Monday, August 13, 2012

Exercise for a Better Birth

Happy Mama Monday, friends!

Today I'm continuing my series, Five Steps to a Better Birth. Last week, I discussed how prenatal nutrition facilitates a better birth. This week, I'd like to go more in depth on how exercise promotes a positive birth experience.

I encourage you to take a look at my post about Exercise in Pregnancy to learn about safe, low impact, effective ways to stay healthy and strong during pregnancy. Today we are going to hone in on some specific ways exercise helps you prepare for the labor and birth experience.

Often, I use the analogy of a marathon to stress the importance of exercise to my doula clients. In the same way you probably wouldn't attempt to run a marathon without training and preparation, neither should you approach the birth of your child without preparing and training your body for the labor it will endure.

For starters, pregnant women should incorporate a balanced amount of aerobics, calisthenics, relaxation techniques and pelvic toning into their exercise routines. These all work together to keep you healthy, strong, and energetic as well as prepare your body for labor, but there are a few specific elements that can go even further to ease the birth process.

1. Tailor Sitting encourages the uterus to move forward, increases circulation and helps to stretch inner thighs. You can sit "crisscross applesauce," as my kids call it, with ankles crossed, "butterfly" style by placing the bottoms of your feet together, or stack ankles and knees as you would in yoga. You can incorporate this position into your warm up or cool down, or use as part of your daily relaxation practice. Try trading that recliner or cushy couch (which don't promote good fetal positioning) for tailor sitting while watching your favorite TV shows!


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2. Squatting encourages proper alignment, which puts pressure on the uterus, preventing arching of the back (which interferes with 2nd stage pushing). It shortens the birth canal and increases the outlet of the pelvis more than 10%! While it's a common position for life, work and birth in cultures all over the world, American women don't often utilize the squatting position for normal daily activities. It's an excellent position to assume for comfort during labor as well as a very effective and favored position for pushing.

Practice squatting by holding firmly to a counter, bed, or dresser for stability, or allow your partner to support you. Then open legs wide enough that when you lower your bottom your knees don't extend out past your toes. Try to lower as far as you can while keeping your heels flat on the floor. You will notice a deep stretch and release of pressure in your lower back as well as some relief on sore hip joints. Try squatting instead of bending over at the waist when you need to retrieve items from a low cabinet or pick something up off of the floor, and use squats as a part of stretching and warm up before exercise!

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3. Pelvic Rocking may be the most important exercise for pregnancy and birth. It promotes so many crucial goals including toning and conditioning lower back and abdominal muscles, relieving pressure, increasing circulation, and can even improve digestion. In the weeks leading up to birth and during the labor process, pelvic rocking can help the baby move down and forward, and promote ideal fetal positioning, eliminating painful back labor.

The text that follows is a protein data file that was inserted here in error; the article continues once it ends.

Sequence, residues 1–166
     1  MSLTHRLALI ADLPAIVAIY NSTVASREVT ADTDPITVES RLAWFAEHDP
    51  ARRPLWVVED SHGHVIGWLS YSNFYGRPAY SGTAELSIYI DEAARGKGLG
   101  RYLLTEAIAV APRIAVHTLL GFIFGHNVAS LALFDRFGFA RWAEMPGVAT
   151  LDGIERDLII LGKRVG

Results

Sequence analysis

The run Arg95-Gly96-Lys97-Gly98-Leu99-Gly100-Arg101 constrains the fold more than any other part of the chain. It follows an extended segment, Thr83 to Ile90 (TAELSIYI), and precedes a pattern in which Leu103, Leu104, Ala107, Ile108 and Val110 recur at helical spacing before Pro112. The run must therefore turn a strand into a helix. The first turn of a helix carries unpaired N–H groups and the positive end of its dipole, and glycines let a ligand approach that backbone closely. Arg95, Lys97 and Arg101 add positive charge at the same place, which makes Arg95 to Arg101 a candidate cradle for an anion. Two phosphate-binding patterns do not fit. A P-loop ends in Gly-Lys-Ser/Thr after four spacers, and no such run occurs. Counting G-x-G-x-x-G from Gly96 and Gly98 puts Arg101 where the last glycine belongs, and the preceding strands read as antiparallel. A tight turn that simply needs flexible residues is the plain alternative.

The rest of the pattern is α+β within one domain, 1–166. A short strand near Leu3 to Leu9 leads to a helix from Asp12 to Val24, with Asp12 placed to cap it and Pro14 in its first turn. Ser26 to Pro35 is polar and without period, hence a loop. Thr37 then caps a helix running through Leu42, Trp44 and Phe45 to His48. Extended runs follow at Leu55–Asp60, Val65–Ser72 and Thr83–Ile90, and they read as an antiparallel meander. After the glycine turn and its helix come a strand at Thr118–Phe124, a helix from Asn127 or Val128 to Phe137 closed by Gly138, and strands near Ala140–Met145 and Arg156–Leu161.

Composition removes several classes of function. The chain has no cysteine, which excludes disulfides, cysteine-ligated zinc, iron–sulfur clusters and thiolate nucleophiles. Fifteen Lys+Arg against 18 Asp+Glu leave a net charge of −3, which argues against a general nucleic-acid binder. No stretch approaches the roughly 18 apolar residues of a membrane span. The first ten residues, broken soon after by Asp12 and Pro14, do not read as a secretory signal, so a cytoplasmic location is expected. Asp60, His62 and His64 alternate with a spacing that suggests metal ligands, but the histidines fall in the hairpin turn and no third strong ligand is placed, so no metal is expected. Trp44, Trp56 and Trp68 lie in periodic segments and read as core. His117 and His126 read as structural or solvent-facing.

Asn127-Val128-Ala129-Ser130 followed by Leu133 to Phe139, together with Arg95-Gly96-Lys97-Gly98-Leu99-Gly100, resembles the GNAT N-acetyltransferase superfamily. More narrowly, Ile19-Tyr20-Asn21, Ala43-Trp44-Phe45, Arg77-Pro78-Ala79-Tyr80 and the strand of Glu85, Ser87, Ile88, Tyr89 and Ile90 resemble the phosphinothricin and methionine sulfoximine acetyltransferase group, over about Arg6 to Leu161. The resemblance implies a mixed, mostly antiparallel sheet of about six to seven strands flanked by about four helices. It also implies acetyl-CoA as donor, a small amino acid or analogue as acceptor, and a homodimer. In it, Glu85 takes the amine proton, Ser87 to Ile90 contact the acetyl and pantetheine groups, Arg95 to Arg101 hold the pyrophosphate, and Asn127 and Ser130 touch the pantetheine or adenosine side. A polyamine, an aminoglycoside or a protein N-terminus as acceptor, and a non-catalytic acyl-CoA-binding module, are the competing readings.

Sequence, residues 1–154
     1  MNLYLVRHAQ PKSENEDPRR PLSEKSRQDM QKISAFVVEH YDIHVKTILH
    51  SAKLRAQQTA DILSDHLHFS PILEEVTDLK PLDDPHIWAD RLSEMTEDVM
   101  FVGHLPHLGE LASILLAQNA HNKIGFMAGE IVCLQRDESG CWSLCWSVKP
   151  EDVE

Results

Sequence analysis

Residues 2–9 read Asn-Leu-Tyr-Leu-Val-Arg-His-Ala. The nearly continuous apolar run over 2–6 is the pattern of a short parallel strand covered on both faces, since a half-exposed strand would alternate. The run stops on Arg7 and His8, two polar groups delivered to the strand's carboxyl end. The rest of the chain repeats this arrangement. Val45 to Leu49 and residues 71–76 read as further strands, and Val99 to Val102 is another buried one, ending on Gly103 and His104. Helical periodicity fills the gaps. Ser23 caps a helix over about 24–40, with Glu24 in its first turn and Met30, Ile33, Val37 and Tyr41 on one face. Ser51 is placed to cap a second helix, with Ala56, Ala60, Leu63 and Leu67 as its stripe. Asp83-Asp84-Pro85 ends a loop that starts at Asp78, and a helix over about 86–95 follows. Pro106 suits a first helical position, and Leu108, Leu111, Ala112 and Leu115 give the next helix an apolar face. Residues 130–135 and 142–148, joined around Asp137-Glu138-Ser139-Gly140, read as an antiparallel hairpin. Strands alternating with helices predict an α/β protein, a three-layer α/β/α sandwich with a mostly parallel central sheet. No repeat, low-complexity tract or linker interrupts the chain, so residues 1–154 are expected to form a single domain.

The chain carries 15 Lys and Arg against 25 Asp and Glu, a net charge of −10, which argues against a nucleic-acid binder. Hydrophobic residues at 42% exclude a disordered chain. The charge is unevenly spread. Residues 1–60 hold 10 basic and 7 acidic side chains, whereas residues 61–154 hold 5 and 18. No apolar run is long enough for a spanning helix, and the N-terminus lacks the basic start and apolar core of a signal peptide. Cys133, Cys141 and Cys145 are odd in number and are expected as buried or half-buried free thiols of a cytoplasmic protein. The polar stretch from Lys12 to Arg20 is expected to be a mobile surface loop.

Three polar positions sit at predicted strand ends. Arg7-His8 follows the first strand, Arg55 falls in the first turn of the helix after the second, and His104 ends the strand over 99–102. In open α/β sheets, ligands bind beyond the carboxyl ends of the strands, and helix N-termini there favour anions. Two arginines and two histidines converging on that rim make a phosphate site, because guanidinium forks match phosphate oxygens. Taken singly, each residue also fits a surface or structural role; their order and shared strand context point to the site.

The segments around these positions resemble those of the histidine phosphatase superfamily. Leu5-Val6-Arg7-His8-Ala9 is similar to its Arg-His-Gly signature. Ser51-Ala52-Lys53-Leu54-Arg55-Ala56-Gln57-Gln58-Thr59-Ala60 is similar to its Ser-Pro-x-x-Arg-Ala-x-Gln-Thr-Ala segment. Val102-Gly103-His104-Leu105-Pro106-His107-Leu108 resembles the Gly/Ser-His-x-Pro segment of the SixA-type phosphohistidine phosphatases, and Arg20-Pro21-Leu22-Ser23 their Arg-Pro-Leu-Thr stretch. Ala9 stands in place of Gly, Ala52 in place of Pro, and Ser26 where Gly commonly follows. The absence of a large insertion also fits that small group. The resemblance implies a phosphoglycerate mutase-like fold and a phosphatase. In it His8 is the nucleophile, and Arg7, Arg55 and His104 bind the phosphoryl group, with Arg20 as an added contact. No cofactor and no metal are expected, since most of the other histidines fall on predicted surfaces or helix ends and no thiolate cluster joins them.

Practice pelvic rocking by getting on the floor or your bed on your hands and knees. Begin with your back flat (not arched), then allow your belly to relax and fall forward. Your back will arch some, but don't over extend it. Take a couple of deep breaths, then move pelvis forward while your back creates a "C" shape or a "cat stretch." You will notice relief of pressure on your inner organs and lower back.

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4. Kegel Exercises tone your entire pelvic floor which can help prevent tearing during 2nd stage pushing. During pregnancy and after birth it's extremely important to keep these muscles strong. Weak pelvic floor muscles are what lead to leaky bladders and incontinence, as well as discomfort or lack of pleasure during intercourse. Exercise your pelvic floor muscles by tightening the muscles you would use to stop the flow of urine and lift up all muscles in your vagina and bottom. Train yourself to do these several times a day by choosing and activity or time of day that is convenient, such as when you reach a stoplight while driving or every hour on the hour.

Beyond birth, these exercises will help you recover from labor and encourage mobility postpartum. Stay healthy and positive and do all you can now to achieve the birth you want!

2 comments:

Aine said...

Whelp, this confirms it!

I've been having some pelvic girdle issues this pregnancy. To make sure the two halves don't come out of alignment, I've been keeping my legs straight and together as much as possible, instead of sitting my favorite way: "criss cross applesauce." (thanks for tipping me off to the more mature sounding "w sitting" by the way!) I notice the last couple days that it felt like my pelvic floor muscles were weaker than usual, and I wondered if the lack of "w" sitting had anything to do with it. I was right!

I guess I'll have to compensate by doing the other exercises more!

Thanks for sharing this!

Aine said...

*sorry, I meant "Tailor sitting"

 

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